Several times during the course of the April 8th meeting mention was made of PAC members’ possible conflict of interest. Townspeople should be assured that this issue is taken seriously. Members of the PAC live in particular zones; they may live near or on properties that may be directly affected by the proposed MPS.

The Nova Scotia Municipal Conflict of Interest Act places obligations on “local board” members. With stated exceptions, members who have a direct or indirect pecuniary interest in any matter under consideration must refrain from taking part in the discussion and voting. Section 6(1). Why not have a brief overview of this topic at a public meeting to proactively clear the air? (Is there a Town policy that all committee members be informed of their obligations under the MCIA?)


There appears to be a lack of trust — in the Town government? in the PAC? At the April 8th meeting the condition of housing on Marsh Hawk was brought up and a person raised the issue of enforcement of bylaws along Main Street. I have questioned the judgments of the PAC regarding some of the decisions it has made. If you believe Town residents don’t trust in either the PAC or the Town’s planning decisions, then you may wish to confront this matter outright.

“Yes, we understand there is lack of trust, and this is how we propose to deal with it.” One way has been by tightening the implementation policy for development agreements. See section 18.6.1. See also sections 8.4.5. (RCDD) and 8.5.4. (Bonus Density). I have suggested revisions which I belief will make the standards more stringent. See my Comments on these sections. But, of course, stricter standards are only as good as their application and enforcement.

Perhaps the Town needs to rethink its heavy reliance on development agreements or further restrict their use. Mr. Morrison has argued that the development agreements provide the Town with needed flexibility. But flexibility can cut another way — it may give builders and developers no sure standards and too much latitude. The Town needs to do some hard (but not unreasonable) bargaining with developers, and strict standards can provide the leverage needed by the Town.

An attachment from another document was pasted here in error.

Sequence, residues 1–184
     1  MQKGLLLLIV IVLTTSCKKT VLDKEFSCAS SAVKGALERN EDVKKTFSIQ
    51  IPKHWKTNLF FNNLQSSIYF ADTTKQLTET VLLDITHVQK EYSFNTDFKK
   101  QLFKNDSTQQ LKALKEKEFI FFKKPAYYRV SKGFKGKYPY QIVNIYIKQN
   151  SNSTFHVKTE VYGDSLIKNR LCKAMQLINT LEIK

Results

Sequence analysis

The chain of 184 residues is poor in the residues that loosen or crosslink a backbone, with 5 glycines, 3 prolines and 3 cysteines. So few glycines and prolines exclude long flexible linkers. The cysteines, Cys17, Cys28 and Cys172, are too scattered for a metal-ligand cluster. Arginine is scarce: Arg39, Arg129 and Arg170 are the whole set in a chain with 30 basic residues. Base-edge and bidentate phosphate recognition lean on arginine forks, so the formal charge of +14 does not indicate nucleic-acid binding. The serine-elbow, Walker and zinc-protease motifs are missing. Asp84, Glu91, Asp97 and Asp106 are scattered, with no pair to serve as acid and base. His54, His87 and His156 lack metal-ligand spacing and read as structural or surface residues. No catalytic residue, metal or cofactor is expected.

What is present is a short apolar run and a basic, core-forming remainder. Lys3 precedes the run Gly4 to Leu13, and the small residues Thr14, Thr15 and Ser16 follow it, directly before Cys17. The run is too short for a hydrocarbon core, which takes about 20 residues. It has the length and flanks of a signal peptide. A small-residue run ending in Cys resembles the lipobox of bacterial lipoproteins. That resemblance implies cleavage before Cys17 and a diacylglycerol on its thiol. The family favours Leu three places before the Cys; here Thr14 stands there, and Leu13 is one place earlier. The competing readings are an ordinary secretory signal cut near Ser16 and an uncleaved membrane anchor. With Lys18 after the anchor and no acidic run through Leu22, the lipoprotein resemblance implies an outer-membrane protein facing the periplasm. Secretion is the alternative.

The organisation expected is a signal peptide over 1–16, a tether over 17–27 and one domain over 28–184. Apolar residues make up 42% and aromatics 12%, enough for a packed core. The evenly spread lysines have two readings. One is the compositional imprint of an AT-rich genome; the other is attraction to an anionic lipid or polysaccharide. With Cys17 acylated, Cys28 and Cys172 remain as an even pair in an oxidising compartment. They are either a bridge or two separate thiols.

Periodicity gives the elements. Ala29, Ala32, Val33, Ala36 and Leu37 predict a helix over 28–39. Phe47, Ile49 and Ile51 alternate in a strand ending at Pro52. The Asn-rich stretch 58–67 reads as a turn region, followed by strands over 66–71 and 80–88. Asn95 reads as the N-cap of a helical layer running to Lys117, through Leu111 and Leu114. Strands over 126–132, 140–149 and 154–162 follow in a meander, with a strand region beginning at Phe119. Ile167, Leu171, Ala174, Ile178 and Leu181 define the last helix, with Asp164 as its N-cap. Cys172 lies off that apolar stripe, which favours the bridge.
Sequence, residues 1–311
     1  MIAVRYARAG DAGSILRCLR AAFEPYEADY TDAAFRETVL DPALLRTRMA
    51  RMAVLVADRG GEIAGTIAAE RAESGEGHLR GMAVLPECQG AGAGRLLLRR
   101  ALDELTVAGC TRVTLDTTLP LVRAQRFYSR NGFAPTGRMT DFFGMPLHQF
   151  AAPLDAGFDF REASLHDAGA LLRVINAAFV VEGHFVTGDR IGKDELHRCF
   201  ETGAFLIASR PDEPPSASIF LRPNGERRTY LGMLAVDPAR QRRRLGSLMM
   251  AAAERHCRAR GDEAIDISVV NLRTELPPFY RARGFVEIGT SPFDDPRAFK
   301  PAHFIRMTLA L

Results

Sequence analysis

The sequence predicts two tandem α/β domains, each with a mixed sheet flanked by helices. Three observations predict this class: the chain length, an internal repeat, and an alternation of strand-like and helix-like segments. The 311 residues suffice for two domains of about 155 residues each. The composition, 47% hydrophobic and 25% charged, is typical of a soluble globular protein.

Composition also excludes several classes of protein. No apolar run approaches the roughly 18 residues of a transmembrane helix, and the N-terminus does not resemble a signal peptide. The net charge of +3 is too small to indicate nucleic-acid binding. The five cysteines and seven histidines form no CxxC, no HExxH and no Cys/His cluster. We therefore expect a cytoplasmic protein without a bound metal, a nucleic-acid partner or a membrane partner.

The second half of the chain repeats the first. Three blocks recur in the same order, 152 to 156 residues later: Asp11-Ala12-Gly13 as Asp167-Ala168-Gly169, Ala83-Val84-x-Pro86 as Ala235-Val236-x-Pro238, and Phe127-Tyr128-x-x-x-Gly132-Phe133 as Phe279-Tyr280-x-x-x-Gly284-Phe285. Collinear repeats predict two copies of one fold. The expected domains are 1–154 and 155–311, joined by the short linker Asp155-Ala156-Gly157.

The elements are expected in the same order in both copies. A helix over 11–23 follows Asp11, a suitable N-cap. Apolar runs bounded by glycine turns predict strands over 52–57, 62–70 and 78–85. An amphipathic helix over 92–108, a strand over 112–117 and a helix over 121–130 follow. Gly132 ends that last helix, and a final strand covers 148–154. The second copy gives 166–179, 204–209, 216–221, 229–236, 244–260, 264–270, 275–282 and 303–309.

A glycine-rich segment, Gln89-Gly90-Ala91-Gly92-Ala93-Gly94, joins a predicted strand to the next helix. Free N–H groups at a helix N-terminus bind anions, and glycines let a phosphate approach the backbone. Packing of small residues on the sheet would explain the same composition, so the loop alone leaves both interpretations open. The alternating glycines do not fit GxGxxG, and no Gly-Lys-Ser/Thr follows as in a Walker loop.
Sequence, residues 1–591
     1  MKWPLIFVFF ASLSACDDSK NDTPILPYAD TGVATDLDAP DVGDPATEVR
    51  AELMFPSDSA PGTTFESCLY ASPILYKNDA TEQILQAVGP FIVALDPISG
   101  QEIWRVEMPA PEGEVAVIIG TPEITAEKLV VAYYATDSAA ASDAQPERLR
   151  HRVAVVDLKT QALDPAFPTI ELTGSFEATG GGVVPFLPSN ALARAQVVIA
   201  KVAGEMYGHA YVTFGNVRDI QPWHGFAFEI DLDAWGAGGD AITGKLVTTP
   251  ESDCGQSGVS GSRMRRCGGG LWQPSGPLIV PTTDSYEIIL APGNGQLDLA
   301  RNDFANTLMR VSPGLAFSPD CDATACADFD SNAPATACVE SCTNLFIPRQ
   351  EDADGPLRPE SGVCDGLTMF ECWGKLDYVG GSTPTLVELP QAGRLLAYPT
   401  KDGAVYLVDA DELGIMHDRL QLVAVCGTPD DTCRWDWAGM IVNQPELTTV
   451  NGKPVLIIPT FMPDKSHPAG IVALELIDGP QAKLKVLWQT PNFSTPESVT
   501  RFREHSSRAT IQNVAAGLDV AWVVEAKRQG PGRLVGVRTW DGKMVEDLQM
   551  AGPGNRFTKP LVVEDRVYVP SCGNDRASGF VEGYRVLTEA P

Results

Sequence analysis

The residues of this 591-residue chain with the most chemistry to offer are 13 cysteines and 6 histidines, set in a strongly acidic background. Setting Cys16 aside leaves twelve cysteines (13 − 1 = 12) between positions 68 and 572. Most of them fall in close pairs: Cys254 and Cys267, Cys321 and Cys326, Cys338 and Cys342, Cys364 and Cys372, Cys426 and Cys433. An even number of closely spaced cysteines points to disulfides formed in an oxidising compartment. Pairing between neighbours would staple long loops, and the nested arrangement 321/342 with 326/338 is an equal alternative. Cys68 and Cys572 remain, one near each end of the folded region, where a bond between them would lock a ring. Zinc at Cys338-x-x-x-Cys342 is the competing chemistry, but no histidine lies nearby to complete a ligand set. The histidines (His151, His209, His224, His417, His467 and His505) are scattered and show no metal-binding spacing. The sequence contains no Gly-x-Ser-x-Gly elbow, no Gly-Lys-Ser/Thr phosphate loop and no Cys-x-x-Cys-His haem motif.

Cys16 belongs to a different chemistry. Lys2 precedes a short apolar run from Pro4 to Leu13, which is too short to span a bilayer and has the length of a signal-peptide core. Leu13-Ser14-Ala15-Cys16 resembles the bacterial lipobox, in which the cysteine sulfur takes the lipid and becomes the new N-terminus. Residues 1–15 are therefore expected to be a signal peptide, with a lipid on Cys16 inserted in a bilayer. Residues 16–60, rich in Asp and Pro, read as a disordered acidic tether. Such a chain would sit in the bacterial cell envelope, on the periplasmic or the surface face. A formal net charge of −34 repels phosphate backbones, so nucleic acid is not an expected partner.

Here is an idea which can kill two birds with one stone: increase public engagement and help restore trust. The Town has the power to establish area planning advisory committees. Municipal Government Act sections 200 and 201. “Character and stability of surrounding the neighbourhoods” is one of the standards by which proposed developments are to be judged. See MPS 18.6.1(b). Who better to provide advice to the Town, to judge the impact of a project on the character of a neighbourhood, than area advisory committees made up of those who live in and around the effected neighbourhoods.


Karen Dempsey in one of her introductions at the April 8th meeting referred to “sharing burdens.” Yet I don’t recall hearing what those burdens are which need to shared. The Town needs to be fully aware, as much as one can look into the future, of the benefits and drawbacks of different policies proposed in the MPS.

To make sure that the proposed policies are “grounded’, here are some questions I suggest should be posed for each decision or policy considered by your committee:

–will the policy help the Town accomplish its goals?

–are there alternate ways to reach that goal?

–do we have as much information as possible concerning the proposed policy?

–what are the downsides of adopting the policy?

–do we understand the possible unintended consequences of the proposed policy?

–have we gotten as much input as possible from those who may be affected?

Thank you for taking the time to consider my observations and questions.

David A. Daniels
April 12, 2008

Posted also at Voices of Wolfville